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The Economics of Indonesia's Foreign Investment Incentives

13 November, 2017

Indonesia's economy remains robust. According to the June 2017 report of World Bank, the country's quarterly GDP grew from 4.9 percent in 2016 (October to December) to 5 percent from January to March 2017. WB also foresees a GDP hike from 5.2 percent in 2017 to 5.3 percent by 2018.

Many factors contribute to the positive outlook. WB cites a stable rupiah and inflation, strong export, lower financing rate, and increased consumer and government consumption. But the primary reason is a better business or economic value.

Over the last few years, the country has put a lot of effort in attracting foreign investments. WB, for one, mentions how foreign direct investments (FDIs) have increased over the last decade or so.

One of the strategies is investment incentives. The country's Investment Coordinating Board called BKPM (Badan Koordinasi Penanaman Modal) provides a verycomprehensive list here.

The list is long, so we choose to focus on the more important points:

  1. Income tax holiday or exemption that can be as long as 20 years (with extension) depending on the Minister of Finance's discretion
  2. Import duty exemption for 2 years for goods, materials, and machines (up to 4 years on the additional product if 30 percent of the machineries the company uses is locally produced)
  3. More than 140 fields where you can declare a tax allowance
  4. Accelerated amortisation and depreciation, which brings down taxable income
  5. Tax allowance as much as 30 percent of the company's realized investment through a reduced taxable income over a period of 6 years

Going In-Depth

Reading these investment incentives, however, is barely touching the surface. If you are planning to invest in the country, it is essential you have a broader, more holistic picture of what you can get and what the country expects in return for the concessions they provide you.

Some notes to consider include the following:

Strong Domestic Support – Indonesia may be inviting more foreign investors, but it's also protective of its domestic resources, from raw materials to its people. For example, you can take advantage of the import duty exemption of machineries if the equipment isn't produced locally or that the domestic machines do not fulfil the criteria especially in terms of purpose or the quantity is not enough to support the business.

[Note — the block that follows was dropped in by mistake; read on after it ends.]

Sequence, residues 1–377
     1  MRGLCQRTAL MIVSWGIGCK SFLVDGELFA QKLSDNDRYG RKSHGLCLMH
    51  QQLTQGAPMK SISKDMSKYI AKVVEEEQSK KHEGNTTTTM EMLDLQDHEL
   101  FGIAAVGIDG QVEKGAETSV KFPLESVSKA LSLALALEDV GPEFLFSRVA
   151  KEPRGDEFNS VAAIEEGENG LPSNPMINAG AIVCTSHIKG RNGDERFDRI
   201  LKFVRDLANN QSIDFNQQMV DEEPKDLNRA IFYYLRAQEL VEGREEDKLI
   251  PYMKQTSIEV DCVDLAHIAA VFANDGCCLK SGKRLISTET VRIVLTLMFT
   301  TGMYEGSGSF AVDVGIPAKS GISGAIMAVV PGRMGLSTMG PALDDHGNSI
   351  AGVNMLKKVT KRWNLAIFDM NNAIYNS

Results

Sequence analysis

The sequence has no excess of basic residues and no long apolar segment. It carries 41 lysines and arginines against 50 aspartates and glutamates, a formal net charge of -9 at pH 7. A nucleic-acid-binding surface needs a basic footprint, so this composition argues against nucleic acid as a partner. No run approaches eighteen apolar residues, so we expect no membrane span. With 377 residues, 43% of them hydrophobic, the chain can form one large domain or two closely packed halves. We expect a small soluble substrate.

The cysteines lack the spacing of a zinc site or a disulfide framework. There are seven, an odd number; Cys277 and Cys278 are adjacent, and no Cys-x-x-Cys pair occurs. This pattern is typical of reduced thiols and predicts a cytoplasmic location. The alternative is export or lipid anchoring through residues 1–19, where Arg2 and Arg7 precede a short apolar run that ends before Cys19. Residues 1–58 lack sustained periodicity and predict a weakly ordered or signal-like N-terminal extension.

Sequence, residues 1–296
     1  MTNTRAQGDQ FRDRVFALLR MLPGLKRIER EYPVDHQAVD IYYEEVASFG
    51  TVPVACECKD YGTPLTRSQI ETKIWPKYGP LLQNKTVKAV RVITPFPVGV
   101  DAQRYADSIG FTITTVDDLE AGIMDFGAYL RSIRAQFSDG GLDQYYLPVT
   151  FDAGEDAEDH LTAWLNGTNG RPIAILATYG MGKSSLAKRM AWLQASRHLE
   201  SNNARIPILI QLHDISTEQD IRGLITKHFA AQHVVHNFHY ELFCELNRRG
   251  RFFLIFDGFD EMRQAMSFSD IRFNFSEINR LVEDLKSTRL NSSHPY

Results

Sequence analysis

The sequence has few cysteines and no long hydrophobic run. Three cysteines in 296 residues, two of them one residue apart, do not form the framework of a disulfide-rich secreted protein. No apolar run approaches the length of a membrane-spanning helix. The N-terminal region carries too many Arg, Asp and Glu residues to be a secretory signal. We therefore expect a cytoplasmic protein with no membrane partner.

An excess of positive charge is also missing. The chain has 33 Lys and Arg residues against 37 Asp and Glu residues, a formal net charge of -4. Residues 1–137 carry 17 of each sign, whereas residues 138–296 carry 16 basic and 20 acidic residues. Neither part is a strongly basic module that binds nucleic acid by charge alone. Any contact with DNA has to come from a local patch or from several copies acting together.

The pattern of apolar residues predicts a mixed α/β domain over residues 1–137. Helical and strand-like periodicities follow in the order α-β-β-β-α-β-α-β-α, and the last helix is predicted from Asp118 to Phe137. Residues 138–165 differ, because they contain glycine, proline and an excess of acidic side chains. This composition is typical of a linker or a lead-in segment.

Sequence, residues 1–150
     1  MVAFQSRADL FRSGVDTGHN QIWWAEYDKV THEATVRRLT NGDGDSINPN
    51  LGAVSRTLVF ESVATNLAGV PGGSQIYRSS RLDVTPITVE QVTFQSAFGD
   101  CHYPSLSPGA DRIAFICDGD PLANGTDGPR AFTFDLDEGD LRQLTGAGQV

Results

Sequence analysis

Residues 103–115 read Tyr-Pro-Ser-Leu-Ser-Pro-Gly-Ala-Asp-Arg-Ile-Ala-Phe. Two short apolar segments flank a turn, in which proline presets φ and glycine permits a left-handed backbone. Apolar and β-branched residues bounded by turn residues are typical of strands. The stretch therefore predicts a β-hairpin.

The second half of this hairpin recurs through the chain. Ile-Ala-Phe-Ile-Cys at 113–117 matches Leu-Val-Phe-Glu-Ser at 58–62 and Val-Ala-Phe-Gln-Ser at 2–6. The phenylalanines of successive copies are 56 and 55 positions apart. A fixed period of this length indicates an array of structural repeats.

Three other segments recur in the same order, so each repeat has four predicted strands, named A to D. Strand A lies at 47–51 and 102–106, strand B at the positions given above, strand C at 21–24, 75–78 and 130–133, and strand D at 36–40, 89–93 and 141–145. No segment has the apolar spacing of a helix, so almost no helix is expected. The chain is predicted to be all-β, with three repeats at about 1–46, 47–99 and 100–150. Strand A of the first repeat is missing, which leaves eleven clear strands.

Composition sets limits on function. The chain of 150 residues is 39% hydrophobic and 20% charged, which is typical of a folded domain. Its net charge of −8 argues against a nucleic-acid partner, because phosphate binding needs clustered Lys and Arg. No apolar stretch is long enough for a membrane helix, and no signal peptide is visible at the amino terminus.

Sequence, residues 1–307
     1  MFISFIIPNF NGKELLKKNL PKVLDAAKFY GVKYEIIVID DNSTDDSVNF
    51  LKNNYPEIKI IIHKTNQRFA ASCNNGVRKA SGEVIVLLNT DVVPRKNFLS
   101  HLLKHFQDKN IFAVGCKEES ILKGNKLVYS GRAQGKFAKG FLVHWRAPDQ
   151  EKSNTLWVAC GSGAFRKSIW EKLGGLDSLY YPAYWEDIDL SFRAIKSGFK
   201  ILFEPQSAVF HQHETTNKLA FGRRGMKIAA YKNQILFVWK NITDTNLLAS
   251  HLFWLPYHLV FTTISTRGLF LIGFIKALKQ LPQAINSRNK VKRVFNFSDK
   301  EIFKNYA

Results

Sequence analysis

Additionally, some businesses will require foreign company to cooperate with local company. As an example, an e-commerce business should cooperate with local suppliers in order to do local product trading (not only imported products).

The government may provide a tax allowance for compensation losses that are more than 5 years but not over 10 years based on certain conditions such as the use of 70 percent domestic raw materials and absorption of at least 500 local workers.

For Serious Foreign Companies Only – Indonesia has a very high capital requirement for foreign companies (that should be fulfilled within 1 to 3 years) , and even then, you cannot compete with MSMEs. A similar idea applies to investment incentives. The Minister of Finance can reduce corporate income tax by 50 percent for companies in telecommunication and information technology if their new capital investment is around IDR 500 (~ $37 million) billion but no more than IDR 1 trillion (~ $70 million). The firm may enjoy the reduction for a period from 5 years to as long as 20 years.

Largely Improved Ease of Doing Business. Based on theNegative Investment List, Indonesia still closes some of its industries to foreign investments. However, it also eased the cap on many of them. For instance, foreign companies can now have full control of high-power-capacity plants under the PPP scheme. Ownership in the pharmaceutical industry also went up from 75 to 85 percent. Distribution trading business also went up from 33 percent to 67 percent of foreign investor. In addition, many e-commerce and IT company invest in Indonesia since its fully open for foreign investors. Besides, Indonesia is open for fintech business where foreigner can have major shares on the company (of up to 85 percent).

Further, while the country needs to enhance its processes further, it's showing marked improvements in company registration. As an example, it'simplementing a 3-hour license service for energy, industrial, and manufacturing firms.

How Cekindo Can Help You

As a business, one of your objectives is to maximise all these foreign investment incentives. Cekindo can help through:

We have business consultants, buying agents, researchers, lawyers, accountants, and other professionals ready to create a solid investment plan that guarantees fast BKPM approval. Our knowledge and expertise in the business environment in the country also ensures you can avoid errors that can result to prolonged licensing or registration time, as well as the chance to qualify for these investment incentives.

Call us today at +6221 80660999. Let's talk about bringing your business here in Indonesia.

About the Author


Cekindo is market-entry consulting firm operating across Indonesia (Jakarta, Bali, Semarang). We provide one-stop solutions assisting foreign entities and entrepreneurs from various industries to successfully expand their market to Indonesia and beyond. Our main goal is to help you to focus on your business while we handle huge scope of HR, financial and legal services. Cekindo will assist you in setting up your business in Indonesia, supporting your daily operations and administrations, and representing your company in Indonesia.

PT. Cekindo Bisnis Grup, Business Park Kebon Jeruk, Blok H1-2
Jl. Raya Meruya Ilir No.88
Jakarta Barat 11620, Indonesia
Phone: +622180660999, Fax: +622180660901, Email: info@cekindo.com, Website: www.cekindo.com


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